by E. K. Johnston
First sentence: “Helena Marcus had not given much though to her marriage.”
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Content: There’s some mild swearing, including a couple of f-bombs. It’s in the Teen (grades 9+ section of the bookstore).
In the world of this book, the British Empire has taken over the world (mostly, except for the States, which has basically dissolved into ruin), and the way marriages are made are done by entering genetic codes into the computer. (At least, that’s the way I understood it.) There’s room for love matches, but mostly the society wants the best genetic diversity, so most people match through the genetic system. I was never really able to pinpoint time — the girls were still “debuting” into society, there were corsets and balls, but there was also an internet-like thing, airplanes, trains and cars. It was a weird mashup of historical and futuristic.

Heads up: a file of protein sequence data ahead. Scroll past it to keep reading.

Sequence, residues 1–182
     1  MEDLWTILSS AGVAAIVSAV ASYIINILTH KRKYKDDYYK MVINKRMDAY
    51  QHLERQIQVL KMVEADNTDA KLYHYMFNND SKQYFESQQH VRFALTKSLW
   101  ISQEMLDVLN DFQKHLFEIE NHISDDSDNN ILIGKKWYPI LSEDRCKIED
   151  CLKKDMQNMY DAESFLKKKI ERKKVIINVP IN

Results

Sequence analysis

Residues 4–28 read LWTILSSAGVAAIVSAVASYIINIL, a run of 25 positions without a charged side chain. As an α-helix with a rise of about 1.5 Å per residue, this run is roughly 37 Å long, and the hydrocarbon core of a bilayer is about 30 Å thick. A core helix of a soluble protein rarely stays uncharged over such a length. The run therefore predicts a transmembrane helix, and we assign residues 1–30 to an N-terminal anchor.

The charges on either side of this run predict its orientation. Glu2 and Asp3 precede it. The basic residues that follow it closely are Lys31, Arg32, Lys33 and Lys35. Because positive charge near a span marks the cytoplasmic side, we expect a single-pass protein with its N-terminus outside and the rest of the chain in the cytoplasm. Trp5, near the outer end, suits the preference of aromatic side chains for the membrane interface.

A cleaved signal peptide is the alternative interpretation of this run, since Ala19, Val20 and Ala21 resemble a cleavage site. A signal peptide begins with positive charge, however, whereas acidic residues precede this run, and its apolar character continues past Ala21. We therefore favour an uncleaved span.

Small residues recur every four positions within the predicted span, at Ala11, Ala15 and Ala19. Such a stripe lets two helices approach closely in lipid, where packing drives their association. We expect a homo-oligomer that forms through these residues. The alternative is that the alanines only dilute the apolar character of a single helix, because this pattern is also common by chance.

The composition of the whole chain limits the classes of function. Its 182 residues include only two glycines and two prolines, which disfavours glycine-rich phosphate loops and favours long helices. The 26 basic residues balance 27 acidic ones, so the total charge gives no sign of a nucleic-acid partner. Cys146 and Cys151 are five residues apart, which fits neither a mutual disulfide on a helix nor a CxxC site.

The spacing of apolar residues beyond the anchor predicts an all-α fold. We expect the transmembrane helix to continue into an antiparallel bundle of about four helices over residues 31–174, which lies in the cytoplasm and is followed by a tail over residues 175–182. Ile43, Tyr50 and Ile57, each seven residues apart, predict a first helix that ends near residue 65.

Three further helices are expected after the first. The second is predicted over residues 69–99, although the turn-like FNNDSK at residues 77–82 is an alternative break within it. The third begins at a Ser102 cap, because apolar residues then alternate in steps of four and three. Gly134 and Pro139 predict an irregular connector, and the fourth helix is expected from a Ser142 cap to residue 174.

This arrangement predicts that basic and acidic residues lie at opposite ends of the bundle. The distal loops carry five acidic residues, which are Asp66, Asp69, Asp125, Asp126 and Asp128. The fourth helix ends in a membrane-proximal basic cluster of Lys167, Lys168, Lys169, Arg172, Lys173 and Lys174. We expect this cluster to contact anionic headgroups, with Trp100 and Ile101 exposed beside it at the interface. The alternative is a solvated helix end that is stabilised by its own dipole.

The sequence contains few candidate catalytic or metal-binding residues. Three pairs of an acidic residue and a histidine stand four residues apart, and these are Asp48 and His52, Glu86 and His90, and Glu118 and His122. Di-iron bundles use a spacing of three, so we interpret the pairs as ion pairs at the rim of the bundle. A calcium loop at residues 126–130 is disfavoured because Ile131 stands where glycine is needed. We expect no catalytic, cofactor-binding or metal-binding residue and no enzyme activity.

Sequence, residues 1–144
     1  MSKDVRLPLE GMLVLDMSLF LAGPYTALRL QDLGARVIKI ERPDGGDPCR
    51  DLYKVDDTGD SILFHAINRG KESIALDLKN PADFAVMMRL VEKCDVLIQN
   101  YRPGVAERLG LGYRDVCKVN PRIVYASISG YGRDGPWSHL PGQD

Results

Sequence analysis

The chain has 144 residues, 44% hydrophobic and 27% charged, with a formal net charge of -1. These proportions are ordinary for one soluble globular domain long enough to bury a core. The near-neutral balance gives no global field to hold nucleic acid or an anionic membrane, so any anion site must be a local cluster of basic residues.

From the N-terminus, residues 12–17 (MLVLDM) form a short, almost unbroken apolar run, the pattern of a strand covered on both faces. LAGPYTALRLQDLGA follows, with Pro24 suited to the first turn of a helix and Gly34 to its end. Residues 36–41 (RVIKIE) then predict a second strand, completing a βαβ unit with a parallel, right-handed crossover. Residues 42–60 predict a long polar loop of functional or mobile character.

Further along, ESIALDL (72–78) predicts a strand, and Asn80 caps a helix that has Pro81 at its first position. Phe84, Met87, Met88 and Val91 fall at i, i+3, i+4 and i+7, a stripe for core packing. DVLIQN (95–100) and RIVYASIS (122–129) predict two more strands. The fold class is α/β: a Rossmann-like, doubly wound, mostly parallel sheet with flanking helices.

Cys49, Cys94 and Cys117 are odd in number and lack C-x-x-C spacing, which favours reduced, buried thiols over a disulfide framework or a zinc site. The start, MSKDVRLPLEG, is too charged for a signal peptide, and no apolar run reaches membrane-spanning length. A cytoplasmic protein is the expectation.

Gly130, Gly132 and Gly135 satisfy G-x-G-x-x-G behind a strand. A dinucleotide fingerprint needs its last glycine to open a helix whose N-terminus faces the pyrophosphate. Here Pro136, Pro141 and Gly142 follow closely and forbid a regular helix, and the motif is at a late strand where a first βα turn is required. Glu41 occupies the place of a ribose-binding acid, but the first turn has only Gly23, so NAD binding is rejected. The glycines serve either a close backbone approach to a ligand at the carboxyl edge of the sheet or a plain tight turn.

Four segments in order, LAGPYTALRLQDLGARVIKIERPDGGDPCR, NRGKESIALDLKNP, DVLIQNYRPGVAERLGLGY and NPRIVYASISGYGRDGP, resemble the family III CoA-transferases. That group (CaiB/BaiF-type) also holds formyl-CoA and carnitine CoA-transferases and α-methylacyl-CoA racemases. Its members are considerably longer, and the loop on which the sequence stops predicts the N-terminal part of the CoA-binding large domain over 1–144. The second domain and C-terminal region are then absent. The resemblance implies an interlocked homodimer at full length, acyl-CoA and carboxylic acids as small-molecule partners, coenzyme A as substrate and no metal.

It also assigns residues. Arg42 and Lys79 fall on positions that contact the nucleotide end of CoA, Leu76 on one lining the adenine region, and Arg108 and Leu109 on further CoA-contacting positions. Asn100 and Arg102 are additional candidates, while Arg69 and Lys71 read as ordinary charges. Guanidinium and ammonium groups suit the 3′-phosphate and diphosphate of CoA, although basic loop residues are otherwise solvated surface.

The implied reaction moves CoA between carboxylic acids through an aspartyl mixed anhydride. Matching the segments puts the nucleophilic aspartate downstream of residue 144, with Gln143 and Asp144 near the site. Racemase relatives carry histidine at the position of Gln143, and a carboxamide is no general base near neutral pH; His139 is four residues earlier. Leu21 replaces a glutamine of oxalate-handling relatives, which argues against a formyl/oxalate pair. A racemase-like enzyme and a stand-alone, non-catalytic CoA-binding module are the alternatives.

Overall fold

There are three characters — Helena, who’s basically promised to August, the son of some sort of shipping mangnate, and Margaret, who’s the crown princess, but she’s in disguise. It’s set in Canada, whichi is nice… but nothing really happens. I read about 2/3 of this, and got frustrated with the lack of things happening — I think she was going for an Austen-like feel, but it just wasn’t doing it for me — and then skipped to the end. I’m not sure I missed much.
I liked the idea of this, but the execution just fell short.